The winter wind caused a flutter in a new flag hanging high above city hall in Oakland, California, on Wednesday morning, as the Bay Area celebrated the history being made by one of its own.
Oakland native Kamala Harris on Wednesday was sworn in as the US vice-president, becoming the first woman in American history and the first woman of African American and south Asian descent to take up the position.
Harris was born in Oakland and lived in neighboring Berkeley, where her parents studied at the University of California, Berkeley, until she was 12 years old. She served as San Francisco district attorney, and California attorney general, before becoming the state’s junior senator.
Harris has frequently cited her experiences growing up in the Bay Area as foundational in her political career, including being bussed into wealthier white schools as part of an integration program. On Wednesday, residents of the region proudly watched her ascend to one of the highest offices in the land.
An Oakland-Scranton “Unity” flag, designed by Oakland artist Favianna Rodriguez and Ryan Hnat from Joe Biden’s home town of Scranton, Ohio, was hoisted into the heavy gusts the day before the inauguration.
— Jeremy B. White (@JeremyBWhite) January 20, 2021
The Oakland mayor Libby Schaaf also hung the flag outside her home in the hills as the inauguration celebration continued on the other side of the country. “Congrats my friend Kamala Harris!” Schaaf wrote on Twitter. “Oakland is proud beyond words. First Black Woman & Asian Woman VP. Daughter of Immigrants & Daughter of Oakland. You make us proud to be Americans again.”
It's just moving that a Black and Indian woman was born at Oakland Kaiser like I was, grew up in the flats near San Pablo Avenue like I did, in the same heavily Black and Indian district I did, and got bussed up to a school in the hills like I did, is going to the White House
— Darrell Owens (@IDoTheThinking) January 20, 2021
Local businesses also commemorated the occasion. Local Food Adventures, a food tour company, boxed and sold foods that celebrate Harris’s heritage, and included a locally made cornbread mix, a garam masala spice blend from Oaktown Spice Shop, and a coupon for waffles from Harris’s friend Derreck Johnson, the owner of Home of Chicken & Waffles.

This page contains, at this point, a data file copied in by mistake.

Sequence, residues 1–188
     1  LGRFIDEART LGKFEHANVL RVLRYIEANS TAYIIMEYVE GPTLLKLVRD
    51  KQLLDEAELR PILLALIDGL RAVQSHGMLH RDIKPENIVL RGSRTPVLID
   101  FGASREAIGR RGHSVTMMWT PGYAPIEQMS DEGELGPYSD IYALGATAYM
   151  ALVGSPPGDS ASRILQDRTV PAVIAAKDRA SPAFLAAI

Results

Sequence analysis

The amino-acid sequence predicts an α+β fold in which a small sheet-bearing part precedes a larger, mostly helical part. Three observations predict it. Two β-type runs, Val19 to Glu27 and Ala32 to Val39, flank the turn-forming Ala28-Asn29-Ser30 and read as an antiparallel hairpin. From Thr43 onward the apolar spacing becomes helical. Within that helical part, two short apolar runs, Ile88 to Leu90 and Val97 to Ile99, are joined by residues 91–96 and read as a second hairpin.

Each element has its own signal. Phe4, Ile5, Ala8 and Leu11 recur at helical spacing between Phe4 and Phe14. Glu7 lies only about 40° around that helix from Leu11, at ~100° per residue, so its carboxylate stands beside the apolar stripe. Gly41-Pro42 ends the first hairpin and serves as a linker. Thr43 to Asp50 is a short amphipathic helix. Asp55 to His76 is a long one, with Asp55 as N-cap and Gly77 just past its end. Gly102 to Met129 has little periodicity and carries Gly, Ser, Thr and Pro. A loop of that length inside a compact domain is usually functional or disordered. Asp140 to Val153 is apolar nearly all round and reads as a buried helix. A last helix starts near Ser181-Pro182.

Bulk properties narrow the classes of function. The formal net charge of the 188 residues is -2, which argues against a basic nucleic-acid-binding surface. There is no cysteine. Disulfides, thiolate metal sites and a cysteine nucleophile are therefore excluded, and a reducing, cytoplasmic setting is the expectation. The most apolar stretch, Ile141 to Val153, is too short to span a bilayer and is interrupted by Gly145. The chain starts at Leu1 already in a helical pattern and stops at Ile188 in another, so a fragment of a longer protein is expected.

Oakland chef Robert Dorsey, who went to the same elementary school as Harris, planned to serve one of her favorites – seafood gumbo – but he’s now calling it “Democracy gumbo”.
Tony Evans and his 15-year-old granddaughter Dy'mond of East Oakland were overcome with emotion while watching Oakland native @KamalaHarris be sworn in as the first Black, South Asian female Vice President. Evans met Harris while working in Georgia as a poll worker @sfchronicle pic.twitter.com/AglLQodAfM
— Jessica Christian (@jachristian) January 20, 2021
Performers from more than two dozen local arts organizations prepared a program titled “Oakland Salutes”, celebrating the Oakland native. The prerecorded videos included socially distanced harmonies from the Piedmont East Bay Children’s Choir, performances from the Oakland Asian Cultural Center and the Oaktown Jazz Workshop, and spoken dedications from local officials.
“I am standing in front of an oak tree, because it is a symbol of Oakland, as well as a symbol of strength, wisdom and endurance,” the orchestra’s music director, Michael Morgan said at the start of the streamed show. “These are all qualities we all associate with the native daughter of Oakland, Kamala Harris.”
Today, a daughter of Oakland became the woman who shattered glass ceilings, inspired women and girls around the world, and made history. Congratulations, Vice President @KamalaHarris.
— Alex Padilla (@AlexPadilla4CA) January 20, 2021
Harris will also be able to show off her hometown pride at the White House, thanks to a gift from the Warriors. Stephen Curry, a star from the basketball team that played in Oakland from 1971 until last year when the team moved to San Francisco, presented Harris with her own jersey – No 49, because she is the 49th vice-president – and “Madame VP” in block letters across the top.
In a moving tribute, a video from the team features a young girl named Stella donning the oversized jersey as she thinks about the opportunities ahead. “I love that Kamala looks like me and I can do anything,” she says, as she dances and skips through the city.
Kari Paul contributed to this report